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  1. I would only put a written note on a client's desk whom I know.

I may be criticised for assuming that the attachment of 'whom' to 'client' is understood and unambiguous. Grammatically, some might say, I am attaching 'whom' to 'desk'.

  1. I would only put a written note on a client's desk if I know them.

Similarly with the following :

  1. I would only drive a friend's car who had insurance.

  2. I would only drive a friend's car if he had insurance.

Am I wrong to use 1 and 2 ?

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  • Common sense trumps grammar.
    – Barmar
    Commented Jan 25, 2018 at 1:21
  • @Barmar We-ell ... if there is genuine ambiguity, common sense will not be certain what to do. Grammar requires to articulate properly so that sense may understand.
    – Nigel J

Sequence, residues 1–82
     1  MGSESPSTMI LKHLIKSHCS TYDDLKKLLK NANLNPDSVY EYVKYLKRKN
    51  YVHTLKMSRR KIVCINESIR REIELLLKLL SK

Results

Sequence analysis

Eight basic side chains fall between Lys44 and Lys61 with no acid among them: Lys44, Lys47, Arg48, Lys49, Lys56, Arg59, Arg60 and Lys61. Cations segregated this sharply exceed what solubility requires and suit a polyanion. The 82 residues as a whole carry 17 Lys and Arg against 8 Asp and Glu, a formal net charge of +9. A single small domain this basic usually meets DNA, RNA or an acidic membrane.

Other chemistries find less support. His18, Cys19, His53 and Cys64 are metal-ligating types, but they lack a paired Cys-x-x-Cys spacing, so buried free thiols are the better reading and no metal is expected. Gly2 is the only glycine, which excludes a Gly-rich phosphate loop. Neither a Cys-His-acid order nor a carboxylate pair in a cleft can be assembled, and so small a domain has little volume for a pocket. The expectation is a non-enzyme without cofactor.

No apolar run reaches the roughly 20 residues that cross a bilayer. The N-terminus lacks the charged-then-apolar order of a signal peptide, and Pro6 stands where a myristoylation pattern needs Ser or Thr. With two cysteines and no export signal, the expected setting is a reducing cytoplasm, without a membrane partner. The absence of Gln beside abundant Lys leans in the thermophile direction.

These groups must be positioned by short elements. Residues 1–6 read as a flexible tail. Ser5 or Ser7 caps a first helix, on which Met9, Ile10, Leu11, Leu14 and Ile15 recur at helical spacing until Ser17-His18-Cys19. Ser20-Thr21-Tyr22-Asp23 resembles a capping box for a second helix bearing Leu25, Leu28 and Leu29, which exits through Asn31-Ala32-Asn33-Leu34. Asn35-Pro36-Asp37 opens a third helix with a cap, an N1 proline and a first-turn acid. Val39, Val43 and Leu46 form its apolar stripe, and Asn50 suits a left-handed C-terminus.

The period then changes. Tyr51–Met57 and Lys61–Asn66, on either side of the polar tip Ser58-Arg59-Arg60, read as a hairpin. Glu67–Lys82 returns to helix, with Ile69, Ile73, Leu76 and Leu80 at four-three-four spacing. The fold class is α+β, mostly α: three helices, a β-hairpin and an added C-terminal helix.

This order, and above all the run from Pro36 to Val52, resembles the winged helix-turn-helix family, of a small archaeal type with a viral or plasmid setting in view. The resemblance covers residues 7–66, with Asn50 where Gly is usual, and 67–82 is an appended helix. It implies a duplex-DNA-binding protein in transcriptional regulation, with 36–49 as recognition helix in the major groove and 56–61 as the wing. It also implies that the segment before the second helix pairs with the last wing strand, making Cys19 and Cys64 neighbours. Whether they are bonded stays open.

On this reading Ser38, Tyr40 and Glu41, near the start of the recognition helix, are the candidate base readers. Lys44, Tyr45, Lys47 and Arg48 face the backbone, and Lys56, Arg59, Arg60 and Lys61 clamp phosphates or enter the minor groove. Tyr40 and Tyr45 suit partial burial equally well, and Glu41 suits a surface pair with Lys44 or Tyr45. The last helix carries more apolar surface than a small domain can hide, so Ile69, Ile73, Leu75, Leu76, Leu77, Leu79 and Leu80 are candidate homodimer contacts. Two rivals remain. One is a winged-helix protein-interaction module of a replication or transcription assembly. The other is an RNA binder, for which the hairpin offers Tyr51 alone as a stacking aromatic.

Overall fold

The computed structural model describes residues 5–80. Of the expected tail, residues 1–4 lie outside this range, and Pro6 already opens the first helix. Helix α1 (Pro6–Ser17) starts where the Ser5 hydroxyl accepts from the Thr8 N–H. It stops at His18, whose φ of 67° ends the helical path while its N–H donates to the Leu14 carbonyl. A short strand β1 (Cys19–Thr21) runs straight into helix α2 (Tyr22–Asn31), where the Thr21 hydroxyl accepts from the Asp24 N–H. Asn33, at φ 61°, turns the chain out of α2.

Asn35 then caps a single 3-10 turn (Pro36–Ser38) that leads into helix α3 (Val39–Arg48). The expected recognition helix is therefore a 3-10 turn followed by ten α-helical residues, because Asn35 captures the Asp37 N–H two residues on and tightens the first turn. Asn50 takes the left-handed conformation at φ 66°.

Commented Jan 25, 2018 at 1:25
  • The point is that grammar may suggest two possible interpretations, but common sense indicates that one of them is not reasonable. So even though the grammar is ambiguous, the intention is not.
    – Barmar
    Commented Jan 25, 2018 at 1:33
  • Of course, if both possible meanings are possible, then we do have a true ambiguity. Then we usually need to reword.
    – Barmar
    Commented Jan 25, 2018 at 1:34

2 Answers 2

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I rather doubt we will encounter "the desk" as "whom" very often. Desks usually are not a "who". So, I doubt ambiguity.

I would prefer a different construction, however.

I would never put a written note on the desk of a client I did not know.

For me, that clarifies intent. But the whole business is mostly opinion, and mine is offered

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Regardless of the issue of ambiguity in 1 and 3, they both comes off sounding rather awkward. They would, however, suffice for colloquial use, but you would be better off refraining from such use in professional or academic writing.

I would only put a written note on the desk of a client whom I know.

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